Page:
Huh, you ask, how could that be? We have been told time and again by JFNA that this just doesn't happen, can't happen. Here's how it has happened: if your federation or mine sends cash to JFNA and designates the application of the payment: " $____ to Dues and $____ to allocations," JFNA honors the allocation. If your federation or mine does not designate (even if you anticipate that Dues/allocations will be divided pro rata), JFNA will withdraw dollars from that payment for its Budget as you see fit. Period. This has enabled JFNA to appropriate dollars clearly intended (although JFNA will argue "how would we know that to be the fact?") for JAFI/JDC and apply them to its own Budget with the hope (giving the "benefit of the doubt," the expectation) that by calendar year-end, it could reimburse the overseas agencies (but not for the carrying costs). If this reminds you of some of the schemes you may have read about over the past two years -- that's your conclusion, not mine.

Now, some at JFNA will respond with "that's just how UJA did it" as if that is an acceptable response. While, certainly, UJA paid its Budget out of the Overseas allocation, when JFNA was created, that was no longer to be the case -- Dues and allocations were separated under the false premise of "transparency." So, in our new system, the two were no longer to be treated as essentially "fungible." Yet, at JFNA, that is exactly how the funds have been treated -- as if JFNA can use overseas allocations to satisfy its Budget. And, that's wrong.

Let's assume that Jerry Silverman, Kathy Manning and Heschel Raskes, the new Budget & Finance Chair, decided to clean this mess up. But the questions remain: (1) how was this permitted to occur under the prior leadership; (2) how was this borrowing authorized; (3) how will the $2.7 million be repaid; and (4) what structures have been put in place to assure this doesn't happen again?

Are there some answers out there?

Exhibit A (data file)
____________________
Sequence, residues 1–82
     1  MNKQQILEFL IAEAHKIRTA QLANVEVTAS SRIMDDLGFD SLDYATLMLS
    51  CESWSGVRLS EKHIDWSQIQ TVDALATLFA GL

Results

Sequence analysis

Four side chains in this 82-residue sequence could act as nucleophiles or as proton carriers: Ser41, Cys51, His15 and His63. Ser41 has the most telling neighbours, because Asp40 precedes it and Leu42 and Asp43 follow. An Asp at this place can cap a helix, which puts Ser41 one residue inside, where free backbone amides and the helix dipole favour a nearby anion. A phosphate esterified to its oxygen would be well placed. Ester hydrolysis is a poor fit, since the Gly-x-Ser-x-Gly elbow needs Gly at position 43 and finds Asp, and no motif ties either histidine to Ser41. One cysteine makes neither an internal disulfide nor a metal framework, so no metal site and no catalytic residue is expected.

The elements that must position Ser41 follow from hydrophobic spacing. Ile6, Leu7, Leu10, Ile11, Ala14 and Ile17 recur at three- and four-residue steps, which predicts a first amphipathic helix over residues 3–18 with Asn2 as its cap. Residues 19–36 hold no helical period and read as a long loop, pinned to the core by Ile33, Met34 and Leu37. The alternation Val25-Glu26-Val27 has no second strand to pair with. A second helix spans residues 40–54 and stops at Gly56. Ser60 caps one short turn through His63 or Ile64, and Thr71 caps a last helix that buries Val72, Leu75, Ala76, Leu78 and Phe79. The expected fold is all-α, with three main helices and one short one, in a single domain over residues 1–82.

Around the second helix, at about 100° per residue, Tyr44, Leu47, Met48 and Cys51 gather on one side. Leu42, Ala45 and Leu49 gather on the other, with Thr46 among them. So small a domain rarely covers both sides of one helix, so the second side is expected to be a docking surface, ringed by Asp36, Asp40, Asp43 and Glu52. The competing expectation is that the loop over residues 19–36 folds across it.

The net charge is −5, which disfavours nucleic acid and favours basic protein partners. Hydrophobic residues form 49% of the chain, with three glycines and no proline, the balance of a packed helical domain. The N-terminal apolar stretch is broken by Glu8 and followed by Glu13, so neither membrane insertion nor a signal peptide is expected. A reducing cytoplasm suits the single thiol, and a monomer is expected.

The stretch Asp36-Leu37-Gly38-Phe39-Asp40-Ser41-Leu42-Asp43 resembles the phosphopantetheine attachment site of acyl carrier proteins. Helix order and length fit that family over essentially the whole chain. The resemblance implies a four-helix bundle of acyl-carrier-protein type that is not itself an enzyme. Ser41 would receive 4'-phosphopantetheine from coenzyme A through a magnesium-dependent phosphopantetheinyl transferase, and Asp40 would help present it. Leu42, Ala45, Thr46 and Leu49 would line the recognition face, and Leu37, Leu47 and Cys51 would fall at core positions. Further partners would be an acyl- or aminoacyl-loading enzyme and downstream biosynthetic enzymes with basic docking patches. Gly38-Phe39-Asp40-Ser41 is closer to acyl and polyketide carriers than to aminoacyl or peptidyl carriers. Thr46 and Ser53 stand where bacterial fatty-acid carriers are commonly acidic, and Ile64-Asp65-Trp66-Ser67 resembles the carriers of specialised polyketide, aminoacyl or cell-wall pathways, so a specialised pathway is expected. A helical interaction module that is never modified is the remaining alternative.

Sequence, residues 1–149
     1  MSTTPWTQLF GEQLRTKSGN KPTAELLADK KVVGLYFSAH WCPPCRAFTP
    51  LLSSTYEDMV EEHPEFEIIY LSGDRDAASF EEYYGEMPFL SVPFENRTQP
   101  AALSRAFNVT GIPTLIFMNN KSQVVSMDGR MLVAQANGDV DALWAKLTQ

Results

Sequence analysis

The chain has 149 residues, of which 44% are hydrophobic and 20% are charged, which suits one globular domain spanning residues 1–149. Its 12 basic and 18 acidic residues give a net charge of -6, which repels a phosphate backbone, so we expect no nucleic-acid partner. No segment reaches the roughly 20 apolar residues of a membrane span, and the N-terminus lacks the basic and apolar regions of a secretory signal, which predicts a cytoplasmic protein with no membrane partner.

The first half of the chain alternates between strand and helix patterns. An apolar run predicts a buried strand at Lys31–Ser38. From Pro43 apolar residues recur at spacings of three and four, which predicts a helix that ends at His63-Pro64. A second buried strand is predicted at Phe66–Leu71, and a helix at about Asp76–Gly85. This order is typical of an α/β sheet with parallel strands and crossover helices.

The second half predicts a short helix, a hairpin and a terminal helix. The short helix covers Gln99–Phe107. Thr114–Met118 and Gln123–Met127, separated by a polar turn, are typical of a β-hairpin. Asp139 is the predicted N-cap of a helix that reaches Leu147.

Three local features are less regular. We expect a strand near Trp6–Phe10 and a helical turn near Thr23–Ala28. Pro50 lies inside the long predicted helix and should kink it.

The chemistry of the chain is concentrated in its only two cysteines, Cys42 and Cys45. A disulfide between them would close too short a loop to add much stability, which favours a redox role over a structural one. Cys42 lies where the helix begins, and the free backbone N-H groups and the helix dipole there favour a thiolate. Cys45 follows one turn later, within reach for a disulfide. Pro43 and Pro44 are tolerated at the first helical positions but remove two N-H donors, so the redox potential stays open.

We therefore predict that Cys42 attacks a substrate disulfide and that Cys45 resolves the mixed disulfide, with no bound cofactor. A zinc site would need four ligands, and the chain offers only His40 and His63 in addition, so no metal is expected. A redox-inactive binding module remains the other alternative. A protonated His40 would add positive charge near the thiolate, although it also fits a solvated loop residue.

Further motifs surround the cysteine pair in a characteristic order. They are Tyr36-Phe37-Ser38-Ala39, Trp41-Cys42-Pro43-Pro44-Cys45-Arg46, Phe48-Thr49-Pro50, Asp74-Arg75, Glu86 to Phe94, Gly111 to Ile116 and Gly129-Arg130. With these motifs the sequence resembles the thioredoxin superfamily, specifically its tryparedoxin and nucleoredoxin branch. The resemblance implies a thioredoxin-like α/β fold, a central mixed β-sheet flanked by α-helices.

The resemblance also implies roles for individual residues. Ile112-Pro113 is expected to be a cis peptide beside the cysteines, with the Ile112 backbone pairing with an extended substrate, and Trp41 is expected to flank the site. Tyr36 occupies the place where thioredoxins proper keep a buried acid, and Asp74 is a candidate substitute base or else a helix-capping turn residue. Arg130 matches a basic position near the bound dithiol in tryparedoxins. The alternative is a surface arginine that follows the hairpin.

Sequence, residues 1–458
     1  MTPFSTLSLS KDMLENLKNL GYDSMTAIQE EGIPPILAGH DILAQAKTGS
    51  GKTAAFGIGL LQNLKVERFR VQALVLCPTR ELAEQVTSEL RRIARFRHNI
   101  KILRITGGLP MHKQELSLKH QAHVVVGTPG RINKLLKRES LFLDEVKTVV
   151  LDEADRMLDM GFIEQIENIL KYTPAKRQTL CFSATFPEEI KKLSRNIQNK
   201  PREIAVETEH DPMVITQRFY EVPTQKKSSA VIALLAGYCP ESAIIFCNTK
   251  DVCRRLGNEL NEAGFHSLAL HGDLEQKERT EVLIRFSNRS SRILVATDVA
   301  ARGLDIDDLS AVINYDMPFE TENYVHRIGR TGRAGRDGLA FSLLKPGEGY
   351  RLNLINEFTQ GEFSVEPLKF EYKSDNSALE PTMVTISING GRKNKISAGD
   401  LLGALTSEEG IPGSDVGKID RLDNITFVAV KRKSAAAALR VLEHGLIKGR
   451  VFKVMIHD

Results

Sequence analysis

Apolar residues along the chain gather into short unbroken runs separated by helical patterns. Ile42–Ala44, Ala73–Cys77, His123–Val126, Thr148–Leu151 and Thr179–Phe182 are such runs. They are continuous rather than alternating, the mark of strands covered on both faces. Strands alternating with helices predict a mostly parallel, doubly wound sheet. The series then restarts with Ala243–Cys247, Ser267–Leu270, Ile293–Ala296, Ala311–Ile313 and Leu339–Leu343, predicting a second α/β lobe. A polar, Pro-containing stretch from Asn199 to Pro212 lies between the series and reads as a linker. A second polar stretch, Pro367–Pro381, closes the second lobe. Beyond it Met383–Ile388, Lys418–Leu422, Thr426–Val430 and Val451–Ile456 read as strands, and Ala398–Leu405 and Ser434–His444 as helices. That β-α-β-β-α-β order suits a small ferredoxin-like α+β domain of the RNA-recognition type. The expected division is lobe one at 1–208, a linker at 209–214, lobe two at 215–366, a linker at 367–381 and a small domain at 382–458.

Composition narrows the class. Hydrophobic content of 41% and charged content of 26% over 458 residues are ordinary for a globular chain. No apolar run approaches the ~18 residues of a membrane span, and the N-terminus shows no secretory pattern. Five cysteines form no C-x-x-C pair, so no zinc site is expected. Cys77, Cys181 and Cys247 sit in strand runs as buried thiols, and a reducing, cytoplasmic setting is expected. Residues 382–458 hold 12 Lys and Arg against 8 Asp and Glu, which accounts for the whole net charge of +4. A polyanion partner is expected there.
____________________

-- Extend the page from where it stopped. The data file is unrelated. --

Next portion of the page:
Tuesday, February 9, 2010


Here is the way it has gone in far too many places:

"Motion: _____ Federation shall allocate from the 2009 Annual Community Campaign: (a) $228,728 to support Israel and International Jewry, of which $176,978 is for collective allocation to JAFI/JDC and $51,750 is for Partnership Overseas (as approved by the Board on July 14, 2009); and (b) $68,272 to continue as a member in good standing eligible for all benefits and programs of United Jewish Communities (Fair Share membership dues).

* * *
Supporting Information: The total amount of $297,000 represents a 31% decrease from the 2008-2009 allocation of $433,080 for these purposes and only about 25% of the 2009 Annual Community Campaign funds pledged"

We have seen too many federations take the "easy way out" of the current circumstances. We take funding away from those of our People most in need and reallocate the dollars. This unnamed federation didn't suffer a 31% decrease in its Annual Campaign; only JDC and JAFI suffered such draconian cuts.

And where was The Jewish Federations of North America? Fcused on its Dues and "areas of focus." To date, there has been no sense of national responsibility on this issue, no sense of moral responsibility...nowhere. How could this be, you ask? Yes, how could this be? But, hope is on the horizon. One of the Focus papers brilliantly laid out the arguments for national advocacy; let's see how JFNA follows up.